“This is an important next step in determining the safety and efficacy of the vaccine in a diverse group of persons of different ages, background and exposures,” said Dr. Hana El Sahly—an associate professor of molecular virology and microbiology and medicine at Baylor who serves as a national co-principal investigator of the trial—in the release.
The Vaccine and Treatment Evaluation Unit is part of the National Institutes of Health’s newly established COVID-19 Prevention Network, which was formed by the National Institute of Allergy and Infectious Diseases to respond to the global pandemic and enroll thousands of volunteers to conduct Phase 3 efficacy trials for COVID-19 vaccines and monoclonal antibodies.
The network is a part of “Operation Warp Speed,” a partnership led by the U.S. Department of Health and Human Services to invest in and coordinate the development, manufacturing and distribution of COVID-19 diagnostics, therapeutics and vaccines.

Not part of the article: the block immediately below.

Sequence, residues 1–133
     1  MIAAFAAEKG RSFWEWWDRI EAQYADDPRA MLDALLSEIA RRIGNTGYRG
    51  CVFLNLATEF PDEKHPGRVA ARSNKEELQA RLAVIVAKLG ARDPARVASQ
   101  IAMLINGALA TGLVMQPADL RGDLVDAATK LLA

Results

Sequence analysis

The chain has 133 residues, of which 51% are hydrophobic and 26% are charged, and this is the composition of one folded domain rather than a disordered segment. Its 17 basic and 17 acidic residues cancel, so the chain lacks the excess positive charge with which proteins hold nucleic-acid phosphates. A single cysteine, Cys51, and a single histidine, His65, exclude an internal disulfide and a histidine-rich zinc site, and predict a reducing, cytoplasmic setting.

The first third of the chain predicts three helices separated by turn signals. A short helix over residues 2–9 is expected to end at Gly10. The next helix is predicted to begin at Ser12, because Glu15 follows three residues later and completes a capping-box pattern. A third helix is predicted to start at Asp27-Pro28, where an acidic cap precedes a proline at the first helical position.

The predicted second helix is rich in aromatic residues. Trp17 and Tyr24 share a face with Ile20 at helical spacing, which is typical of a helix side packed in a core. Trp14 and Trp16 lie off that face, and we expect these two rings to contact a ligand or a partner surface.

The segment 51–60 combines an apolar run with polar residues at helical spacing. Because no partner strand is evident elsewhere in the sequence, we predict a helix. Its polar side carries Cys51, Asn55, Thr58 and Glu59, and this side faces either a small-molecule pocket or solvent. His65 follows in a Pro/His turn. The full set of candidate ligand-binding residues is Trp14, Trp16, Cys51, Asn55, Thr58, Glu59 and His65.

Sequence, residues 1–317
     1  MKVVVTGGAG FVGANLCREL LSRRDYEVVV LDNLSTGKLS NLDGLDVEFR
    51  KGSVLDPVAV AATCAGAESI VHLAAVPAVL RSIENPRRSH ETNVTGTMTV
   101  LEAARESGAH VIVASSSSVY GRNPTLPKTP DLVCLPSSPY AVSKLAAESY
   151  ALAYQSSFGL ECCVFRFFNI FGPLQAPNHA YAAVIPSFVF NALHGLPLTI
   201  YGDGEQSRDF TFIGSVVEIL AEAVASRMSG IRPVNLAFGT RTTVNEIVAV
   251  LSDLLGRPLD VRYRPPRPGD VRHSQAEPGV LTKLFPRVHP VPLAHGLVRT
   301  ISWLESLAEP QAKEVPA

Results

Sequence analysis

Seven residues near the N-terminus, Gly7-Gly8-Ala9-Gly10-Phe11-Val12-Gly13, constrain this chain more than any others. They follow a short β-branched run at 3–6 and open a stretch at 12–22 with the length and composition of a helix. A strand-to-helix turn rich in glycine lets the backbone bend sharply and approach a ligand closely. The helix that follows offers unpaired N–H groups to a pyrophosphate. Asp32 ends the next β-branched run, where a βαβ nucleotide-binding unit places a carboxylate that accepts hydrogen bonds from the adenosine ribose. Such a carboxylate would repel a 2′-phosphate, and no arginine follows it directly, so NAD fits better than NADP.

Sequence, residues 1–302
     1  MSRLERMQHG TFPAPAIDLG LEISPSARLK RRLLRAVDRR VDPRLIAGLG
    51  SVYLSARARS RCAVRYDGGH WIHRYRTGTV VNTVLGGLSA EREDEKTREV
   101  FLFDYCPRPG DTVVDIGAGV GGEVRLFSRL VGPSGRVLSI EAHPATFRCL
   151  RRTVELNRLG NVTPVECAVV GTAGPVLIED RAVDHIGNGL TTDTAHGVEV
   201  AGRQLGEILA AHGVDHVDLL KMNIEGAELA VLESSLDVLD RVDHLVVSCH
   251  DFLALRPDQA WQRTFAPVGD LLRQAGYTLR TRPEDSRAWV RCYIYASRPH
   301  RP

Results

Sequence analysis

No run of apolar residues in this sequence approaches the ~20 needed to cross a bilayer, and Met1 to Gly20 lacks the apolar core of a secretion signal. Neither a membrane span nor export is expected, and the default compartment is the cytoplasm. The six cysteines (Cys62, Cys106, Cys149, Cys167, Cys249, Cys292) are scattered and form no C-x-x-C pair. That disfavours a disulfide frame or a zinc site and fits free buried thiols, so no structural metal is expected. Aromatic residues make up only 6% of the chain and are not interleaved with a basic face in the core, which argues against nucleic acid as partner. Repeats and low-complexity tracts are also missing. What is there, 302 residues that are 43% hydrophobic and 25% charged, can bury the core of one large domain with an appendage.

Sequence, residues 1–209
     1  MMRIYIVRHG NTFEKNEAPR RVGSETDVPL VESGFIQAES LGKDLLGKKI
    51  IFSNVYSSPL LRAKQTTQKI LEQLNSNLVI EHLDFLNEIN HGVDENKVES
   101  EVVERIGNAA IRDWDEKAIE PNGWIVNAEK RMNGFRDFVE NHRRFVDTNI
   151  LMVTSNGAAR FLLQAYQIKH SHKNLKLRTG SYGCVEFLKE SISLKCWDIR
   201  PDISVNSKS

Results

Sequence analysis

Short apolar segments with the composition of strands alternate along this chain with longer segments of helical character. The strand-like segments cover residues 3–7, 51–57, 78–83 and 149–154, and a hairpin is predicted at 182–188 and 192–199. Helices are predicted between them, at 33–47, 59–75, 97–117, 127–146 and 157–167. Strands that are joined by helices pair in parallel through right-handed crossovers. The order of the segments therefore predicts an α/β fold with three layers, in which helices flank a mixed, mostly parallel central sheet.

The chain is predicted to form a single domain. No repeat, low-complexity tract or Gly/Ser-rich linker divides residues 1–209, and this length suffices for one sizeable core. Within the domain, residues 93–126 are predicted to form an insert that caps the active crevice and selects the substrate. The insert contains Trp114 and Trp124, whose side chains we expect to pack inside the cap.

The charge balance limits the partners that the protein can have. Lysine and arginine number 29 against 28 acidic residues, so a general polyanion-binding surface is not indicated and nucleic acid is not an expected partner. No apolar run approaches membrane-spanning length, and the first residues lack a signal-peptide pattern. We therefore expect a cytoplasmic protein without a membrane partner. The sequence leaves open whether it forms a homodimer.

Volunteers will be given two doses, separated by one month, of either the vaccine or a placebo. Every week, researchers will follow volunteers to determine whether the vaccine is preventing the spread COVID-19. Should volunteers experience symptoms, they will be tested as part of the trail.
If the vaccine is successful in preventing the spread of the disease, the next step for researcherswill be to share the information with regulatory authorities, who will then weigh in on approving the vaccine for use.